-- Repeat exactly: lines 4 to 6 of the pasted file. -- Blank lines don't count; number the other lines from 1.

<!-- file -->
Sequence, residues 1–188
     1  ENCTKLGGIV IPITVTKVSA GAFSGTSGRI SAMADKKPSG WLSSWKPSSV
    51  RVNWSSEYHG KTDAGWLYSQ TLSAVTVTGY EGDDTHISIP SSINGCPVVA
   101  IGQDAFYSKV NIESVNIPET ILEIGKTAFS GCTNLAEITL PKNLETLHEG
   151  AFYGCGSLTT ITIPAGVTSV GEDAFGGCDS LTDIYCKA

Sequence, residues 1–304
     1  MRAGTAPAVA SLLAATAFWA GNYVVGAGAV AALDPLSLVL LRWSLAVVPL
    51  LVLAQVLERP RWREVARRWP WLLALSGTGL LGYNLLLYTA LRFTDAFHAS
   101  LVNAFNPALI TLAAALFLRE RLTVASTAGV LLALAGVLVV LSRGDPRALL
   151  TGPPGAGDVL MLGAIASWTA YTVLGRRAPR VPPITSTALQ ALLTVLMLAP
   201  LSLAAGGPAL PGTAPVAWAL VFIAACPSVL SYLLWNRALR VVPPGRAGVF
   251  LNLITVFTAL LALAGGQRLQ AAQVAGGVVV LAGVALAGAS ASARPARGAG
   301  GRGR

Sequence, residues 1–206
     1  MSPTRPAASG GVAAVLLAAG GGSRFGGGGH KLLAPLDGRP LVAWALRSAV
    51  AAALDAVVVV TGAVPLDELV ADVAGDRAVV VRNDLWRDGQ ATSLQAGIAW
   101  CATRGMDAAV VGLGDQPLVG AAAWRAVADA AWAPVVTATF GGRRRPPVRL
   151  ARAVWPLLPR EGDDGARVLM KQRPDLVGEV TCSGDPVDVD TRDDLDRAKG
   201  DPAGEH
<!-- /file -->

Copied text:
   101  IGQDAFYSKV NIESVNIPET ILEIGKTAFS GCTNLAEITL PKNLETLHEG
   151  AFYGCGSLTT ITIPAGVTSV GEDAFGGCDS LTDIYCKA

Sequence, residues 1–304